Just stumbled on this amazing video of Georgio Moroder playing with a vocoder. So thought I’d do a little tribute.
“I Feel Love”, that he co-wrote with Donna Summer, is his most famous. And was as important at Kraftwerk in building the foundations for house, techno and synthpop.
As some so elegantly put it on You Tube: “Kraftwerk and Tangerine Dream were pioneers but it is Giorgio who put the FUNK in electro. Do the kids of today know what debt that is owed to this man.”
Said David Bowie of I Feel Love: “One day in Berlin … [Brian] Eno came running in and said, ‘I have heard the sound of the future.’ … he puts on ‘I Feel Love’, by Donna Summer … He said, ‘This is it, look no further. This single is going to change the sound of club music for the next fifteen years.’ ”
Here’s a great video for one of my fave Moroder tracks – From Here To Eternity. Classic.
Moroder also is an essential part of late 70s and 80s culture, bringing disco and synthpop, synthesizers and computers, and a whole lot of funk to the masses writing and producing a wide range of classic pop songs and working on soundtracks for some of the biggest movies of the decade: Midnight Express, Scarface, Top Gun, Flashdance, Never Ending Story, American Gigolo, to name a few.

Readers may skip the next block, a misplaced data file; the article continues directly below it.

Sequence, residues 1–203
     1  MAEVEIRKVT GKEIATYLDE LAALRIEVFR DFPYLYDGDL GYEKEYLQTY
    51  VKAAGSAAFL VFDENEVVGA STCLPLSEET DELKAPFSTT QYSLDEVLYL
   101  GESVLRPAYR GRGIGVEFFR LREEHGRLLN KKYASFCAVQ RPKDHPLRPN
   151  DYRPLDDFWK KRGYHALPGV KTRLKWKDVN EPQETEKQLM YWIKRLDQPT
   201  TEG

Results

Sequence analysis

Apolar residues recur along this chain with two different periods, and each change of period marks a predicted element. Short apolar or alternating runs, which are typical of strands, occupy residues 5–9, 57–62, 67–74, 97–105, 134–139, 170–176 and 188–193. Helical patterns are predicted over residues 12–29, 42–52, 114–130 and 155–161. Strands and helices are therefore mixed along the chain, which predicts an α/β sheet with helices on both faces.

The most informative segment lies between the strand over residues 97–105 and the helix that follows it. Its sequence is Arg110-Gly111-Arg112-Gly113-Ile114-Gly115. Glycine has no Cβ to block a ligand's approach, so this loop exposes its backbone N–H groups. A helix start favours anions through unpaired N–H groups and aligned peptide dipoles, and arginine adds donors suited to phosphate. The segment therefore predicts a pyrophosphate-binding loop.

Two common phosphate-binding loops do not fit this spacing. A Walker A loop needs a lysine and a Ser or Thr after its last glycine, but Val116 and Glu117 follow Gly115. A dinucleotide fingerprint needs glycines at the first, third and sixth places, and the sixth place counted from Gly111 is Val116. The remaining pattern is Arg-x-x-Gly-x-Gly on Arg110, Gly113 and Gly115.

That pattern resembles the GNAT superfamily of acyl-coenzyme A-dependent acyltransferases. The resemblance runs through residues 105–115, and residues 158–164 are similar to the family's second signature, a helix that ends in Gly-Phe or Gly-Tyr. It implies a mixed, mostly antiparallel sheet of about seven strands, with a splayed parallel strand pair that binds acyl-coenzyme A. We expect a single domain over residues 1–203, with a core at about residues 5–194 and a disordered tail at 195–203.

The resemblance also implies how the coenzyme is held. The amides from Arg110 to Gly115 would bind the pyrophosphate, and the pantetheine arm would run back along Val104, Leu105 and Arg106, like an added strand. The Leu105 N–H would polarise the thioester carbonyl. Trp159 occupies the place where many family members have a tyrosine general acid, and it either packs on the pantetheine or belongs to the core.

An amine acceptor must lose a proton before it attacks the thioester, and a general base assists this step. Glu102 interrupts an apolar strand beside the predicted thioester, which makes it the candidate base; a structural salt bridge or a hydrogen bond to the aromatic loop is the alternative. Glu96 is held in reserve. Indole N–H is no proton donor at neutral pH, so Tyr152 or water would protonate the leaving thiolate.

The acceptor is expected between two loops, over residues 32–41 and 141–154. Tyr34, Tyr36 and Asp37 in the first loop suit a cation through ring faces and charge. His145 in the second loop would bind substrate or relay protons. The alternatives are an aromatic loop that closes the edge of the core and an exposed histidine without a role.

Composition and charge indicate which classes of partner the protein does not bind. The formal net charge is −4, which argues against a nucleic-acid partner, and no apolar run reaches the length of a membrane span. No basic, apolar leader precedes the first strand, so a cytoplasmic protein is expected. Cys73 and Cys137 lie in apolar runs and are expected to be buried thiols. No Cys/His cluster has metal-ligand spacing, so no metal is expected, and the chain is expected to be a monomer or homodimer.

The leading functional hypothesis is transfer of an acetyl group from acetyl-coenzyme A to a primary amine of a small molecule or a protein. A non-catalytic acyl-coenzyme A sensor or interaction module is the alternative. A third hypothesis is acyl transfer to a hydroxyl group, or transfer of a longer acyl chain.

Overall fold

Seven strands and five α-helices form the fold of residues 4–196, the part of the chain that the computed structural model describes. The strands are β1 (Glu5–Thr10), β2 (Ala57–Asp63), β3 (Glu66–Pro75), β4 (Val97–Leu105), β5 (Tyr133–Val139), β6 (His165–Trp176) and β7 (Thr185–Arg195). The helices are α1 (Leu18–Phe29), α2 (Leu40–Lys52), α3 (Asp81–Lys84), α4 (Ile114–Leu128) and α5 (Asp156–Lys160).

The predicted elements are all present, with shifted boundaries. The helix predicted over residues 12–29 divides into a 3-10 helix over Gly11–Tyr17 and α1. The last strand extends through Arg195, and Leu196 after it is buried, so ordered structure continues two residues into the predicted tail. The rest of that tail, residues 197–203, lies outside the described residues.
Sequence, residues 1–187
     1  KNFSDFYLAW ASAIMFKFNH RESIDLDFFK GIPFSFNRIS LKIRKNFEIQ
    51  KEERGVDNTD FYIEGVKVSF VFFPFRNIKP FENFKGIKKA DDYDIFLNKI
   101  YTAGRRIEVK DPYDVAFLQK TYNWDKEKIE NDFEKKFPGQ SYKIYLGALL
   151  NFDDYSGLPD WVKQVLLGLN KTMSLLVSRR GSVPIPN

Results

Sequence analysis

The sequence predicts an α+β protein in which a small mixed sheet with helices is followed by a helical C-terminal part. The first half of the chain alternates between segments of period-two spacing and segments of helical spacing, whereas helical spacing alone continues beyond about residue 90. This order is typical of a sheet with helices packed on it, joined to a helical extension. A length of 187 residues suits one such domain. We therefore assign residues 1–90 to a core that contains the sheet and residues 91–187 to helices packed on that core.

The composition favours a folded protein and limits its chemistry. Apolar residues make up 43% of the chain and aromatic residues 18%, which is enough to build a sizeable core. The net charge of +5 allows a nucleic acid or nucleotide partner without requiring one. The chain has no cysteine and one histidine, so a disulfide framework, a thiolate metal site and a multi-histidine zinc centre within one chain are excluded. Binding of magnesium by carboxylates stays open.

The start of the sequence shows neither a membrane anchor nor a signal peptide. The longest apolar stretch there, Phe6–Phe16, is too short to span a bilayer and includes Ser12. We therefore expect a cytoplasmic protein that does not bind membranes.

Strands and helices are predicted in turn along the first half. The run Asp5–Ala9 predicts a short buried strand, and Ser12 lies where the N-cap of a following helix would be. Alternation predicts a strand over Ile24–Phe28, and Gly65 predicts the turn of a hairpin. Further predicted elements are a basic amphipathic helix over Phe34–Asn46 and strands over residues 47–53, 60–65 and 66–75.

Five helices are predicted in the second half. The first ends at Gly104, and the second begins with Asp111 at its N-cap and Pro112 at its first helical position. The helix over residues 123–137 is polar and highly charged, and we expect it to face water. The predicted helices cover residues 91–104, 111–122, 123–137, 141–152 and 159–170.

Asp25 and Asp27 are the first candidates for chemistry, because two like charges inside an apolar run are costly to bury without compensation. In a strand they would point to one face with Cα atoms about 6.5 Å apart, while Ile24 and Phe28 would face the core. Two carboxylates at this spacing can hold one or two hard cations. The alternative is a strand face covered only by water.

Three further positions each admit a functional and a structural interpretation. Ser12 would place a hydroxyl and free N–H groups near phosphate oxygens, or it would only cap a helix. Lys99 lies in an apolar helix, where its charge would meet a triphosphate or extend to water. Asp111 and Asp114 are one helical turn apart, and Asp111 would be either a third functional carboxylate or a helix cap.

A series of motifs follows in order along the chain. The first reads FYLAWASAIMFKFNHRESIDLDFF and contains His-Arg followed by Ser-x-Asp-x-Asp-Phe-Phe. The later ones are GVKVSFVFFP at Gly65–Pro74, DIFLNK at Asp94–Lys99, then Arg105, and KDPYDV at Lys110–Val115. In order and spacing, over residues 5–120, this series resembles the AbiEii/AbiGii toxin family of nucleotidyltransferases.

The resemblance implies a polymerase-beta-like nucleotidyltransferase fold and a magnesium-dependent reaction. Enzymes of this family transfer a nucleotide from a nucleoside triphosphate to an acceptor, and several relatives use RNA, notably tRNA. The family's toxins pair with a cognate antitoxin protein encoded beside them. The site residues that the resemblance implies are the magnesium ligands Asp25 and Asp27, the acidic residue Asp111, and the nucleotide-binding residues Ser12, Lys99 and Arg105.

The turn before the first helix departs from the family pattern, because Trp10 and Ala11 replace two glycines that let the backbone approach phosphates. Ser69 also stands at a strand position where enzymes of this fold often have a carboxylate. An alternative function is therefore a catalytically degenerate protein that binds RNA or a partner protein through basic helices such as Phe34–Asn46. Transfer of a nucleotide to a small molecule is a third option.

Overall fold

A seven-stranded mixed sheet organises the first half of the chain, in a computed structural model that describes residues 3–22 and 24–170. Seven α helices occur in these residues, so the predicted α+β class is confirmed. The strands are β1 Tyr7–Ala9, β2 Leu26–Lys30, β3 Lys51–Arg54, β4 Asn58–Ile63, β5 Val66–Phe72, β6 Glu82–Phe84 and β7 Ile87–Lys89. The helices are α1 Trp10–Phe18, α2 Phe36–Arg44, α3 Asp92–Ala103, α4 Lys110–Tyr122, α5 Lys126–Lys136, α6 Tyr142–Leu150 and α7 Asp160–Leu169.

Here’s Fly Too High, co-written with Janis Ian.
He worked with Sique Sique Sputnik on their first album, which I’ve always thought was under-rated. “Ah, that was quite an, er, adventure. We had a lot of fun – God, crazy guys, ” he said of the band, in a 1996 interview with Future Music.
Here’s Sique Sique Sputnik, Atari Baby:
Moroder also produced Sparks:
And Blondie, Call Me:
And as a special bonus here’s Moroder with Phil Oakley in Together In Electric Dreams. But check out around 1:02, there appears to be a sound reactive computer animation. And some others later on.
Don’t really love this tune, but like the 8 bit sound reactive stuff:
Finally, I bet you didn’t know that Giorgio Moroder also produced a sports car with automotive engineer Claudio Zampolli – the Cizeta-Moroder V16T. Checkit: